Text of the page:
Red Flags in Obesity Medicine Practices

Obesity is a growing epidemic that affects millions of people worldwide. It is a chronic disease that has been linked to a range of health problems, including heart disease, stroke, type 2 diabetes, and certain types of cancer. However, the good news! Over the past few years, many practices have been formed to specifically help patients with managing obesity. These are known as obesity medicine practices

April 21, 2023
Updated on
April 21, 2023

What Is An Obesity Medicine Practice?

An obesity medicine practice is a medical specialty that focuses on the treatment and management of obesity and related health conditions. This type of practice provides comprehensive and individualized care to patients who are struggling with obesity or are overweight. The goal of obesity medicine is to help patients achieve and maintain a healthy weight through a combination of lifestyle changes, medical interventions, and support.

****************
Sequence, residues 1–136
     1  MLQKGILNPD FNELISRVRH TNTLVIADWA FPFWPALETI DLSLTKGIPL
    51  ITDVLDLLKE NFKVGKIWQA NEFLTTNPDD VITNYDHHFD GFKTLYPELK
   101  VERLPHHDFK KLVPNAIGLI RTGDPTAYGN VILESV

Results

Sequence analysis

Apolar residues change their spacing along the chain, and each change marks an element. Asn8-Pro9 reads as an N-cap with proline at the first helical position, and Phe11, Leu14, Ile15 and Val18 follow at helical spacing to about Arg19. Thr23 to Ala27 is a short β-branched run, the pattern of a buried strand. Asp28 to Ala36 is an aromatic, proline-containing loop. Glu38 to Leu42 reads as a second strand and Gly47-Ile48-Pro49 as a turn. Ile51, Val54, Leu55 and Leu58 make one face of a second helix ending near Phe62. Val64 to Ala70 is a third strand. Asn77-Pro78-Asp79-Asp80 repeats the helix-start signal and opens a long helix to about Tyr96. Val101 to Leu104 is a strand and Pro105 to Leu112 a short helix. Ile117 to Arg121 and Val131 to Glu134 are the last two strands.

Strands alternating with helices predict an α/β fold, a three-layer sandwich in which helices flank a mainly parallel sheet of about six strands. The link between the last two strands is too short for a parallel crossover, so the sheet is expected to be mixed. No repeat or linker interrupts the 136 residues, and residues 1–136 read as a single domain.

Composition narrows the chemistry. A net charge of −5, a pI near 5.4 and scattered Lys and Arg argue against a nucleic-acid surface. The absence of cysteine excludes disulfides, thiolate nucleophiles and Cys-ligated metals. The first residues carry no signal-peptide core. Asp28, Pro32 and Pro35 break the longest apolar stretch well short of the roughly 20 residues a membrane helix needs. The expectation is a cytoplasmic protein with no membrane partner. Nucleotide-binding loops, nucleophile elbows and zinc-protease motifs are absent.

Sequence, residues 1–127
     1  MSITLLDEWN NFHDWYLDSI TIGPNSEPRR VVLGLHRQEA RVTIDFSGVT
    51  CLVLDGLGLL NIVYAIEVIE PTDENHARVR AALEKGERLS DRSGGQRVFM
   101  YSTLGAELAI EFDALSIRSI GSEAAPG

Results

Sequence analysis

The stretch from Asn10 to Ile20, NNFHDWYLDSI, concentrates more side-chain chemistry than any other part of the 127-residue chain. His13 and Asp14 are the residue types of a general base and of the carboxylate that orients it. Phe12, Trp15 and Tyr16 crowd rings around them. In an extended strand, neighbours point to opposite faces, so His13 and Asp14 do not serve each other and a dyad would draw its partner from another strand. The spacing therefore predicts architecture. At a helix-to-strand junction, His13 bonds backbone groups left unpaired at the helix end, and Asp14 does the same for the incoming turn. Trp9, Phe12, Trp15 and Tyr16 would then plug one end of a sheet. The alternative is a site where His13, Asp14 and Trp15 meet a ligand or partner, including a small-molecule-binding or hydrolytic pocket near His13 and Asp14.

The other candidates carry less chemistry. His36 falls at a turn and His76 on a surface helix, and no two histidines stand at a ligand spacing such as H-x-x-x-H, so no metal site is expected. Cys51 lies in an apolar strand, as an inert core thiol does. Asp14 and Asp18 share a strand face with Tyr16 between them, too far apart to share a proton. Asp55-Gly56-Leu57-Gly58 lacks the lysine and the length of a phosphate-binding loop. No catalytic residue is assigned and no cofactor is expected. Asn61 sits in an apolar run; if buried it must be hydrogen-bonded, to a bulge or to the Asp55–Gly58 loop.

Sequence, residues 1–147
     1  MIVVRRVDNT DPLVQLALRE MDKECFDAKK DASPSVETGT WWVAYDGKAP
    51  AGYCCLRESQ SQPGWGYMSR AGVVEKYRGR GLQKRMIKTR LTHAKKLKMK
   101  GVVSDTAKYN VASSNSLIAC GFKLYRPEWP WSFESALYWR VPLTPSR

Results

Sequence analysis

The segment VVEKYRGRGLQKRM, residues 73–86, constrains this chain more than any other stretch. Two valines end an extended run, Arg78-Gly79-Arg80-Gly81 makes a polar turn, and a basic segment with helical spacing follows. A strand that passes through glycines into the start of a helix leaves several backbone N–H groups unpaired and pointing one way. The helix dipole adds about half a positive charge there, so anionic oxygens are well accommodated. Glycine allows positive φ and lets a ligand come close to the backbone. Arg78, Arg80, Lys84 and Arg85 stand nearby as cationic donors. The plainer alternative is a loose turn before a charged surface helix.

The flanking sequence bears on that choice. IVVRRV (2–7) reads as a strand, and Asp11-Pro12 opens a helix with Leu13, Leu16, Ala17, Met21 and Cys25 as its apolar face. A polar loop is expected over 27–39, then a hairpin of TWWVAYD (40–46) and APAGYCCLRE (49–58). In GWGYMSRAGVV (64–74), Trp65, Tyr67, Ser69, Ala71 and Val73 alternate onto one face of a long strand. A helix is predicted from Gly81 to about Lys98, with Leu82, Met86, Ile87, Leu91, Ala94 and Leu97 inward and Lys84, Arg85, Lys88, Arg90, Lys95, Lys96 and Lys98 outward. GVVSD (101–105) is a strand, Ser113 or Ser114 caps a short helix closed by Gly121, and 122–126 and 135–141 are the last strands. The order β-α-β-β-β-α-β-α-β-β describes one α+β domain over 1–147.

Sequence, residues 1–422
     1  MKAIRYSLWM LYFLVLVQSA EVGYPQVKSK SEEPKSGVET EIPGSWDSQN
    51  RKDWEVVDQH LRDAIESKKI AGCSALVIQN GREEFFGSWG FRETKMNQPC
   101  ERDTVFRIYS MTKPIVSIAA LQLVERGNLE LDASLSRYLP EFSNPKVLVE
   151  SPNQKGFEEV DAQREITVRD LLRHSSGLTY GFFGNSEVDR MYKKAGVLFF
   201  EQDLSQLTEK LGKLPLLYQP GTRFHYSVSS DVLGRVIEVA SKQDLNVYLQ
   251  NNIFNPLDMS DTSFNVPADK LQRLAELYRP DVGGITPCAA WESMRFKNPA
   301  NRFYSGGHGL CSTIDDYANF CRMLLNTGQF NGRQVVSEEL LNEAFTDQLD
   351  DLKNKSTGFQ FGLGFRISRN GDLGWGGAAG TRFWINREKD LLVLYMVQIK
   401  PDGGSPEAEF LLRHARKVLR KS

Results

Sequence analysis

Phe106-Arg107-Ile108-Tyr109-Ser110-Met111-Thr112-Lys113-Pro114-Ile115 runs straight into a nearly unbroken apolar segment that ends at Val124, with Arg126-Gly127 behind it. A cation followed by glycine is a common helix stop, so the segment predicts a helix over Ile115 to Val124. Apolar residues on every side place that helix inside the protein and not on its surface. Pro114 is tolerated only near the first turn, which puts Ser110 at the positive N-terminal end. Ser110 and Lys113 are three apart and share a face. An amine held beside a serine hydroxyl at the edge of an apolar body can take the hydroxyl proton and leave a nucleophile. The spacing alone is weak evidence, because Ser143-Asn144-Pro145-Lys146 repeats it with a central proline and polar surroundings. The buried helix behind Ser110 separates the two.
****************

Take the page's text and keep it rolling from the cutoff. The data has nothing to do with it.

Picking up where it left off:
Obesity medicine practitioners may include physicians, nurses, dietitians, exercise specialists, and mental health professionals who work together to provide a multidisciplinary approach to weight loss and management. They develop personalized treatment plans based on a patient's individual needs, medical history, and lifestyle factors. These plans may include dietary changes, exercise recommendations, medication management, and behavioral therapy.

Obesity medicine practices also provide ongoing support and monitoring to ensure that patients are able to achieve and maintain a healthy weight over the long term. This may involve regular check-ins, ongoing education, and other resources to help patients manage their weight and improve their overall health.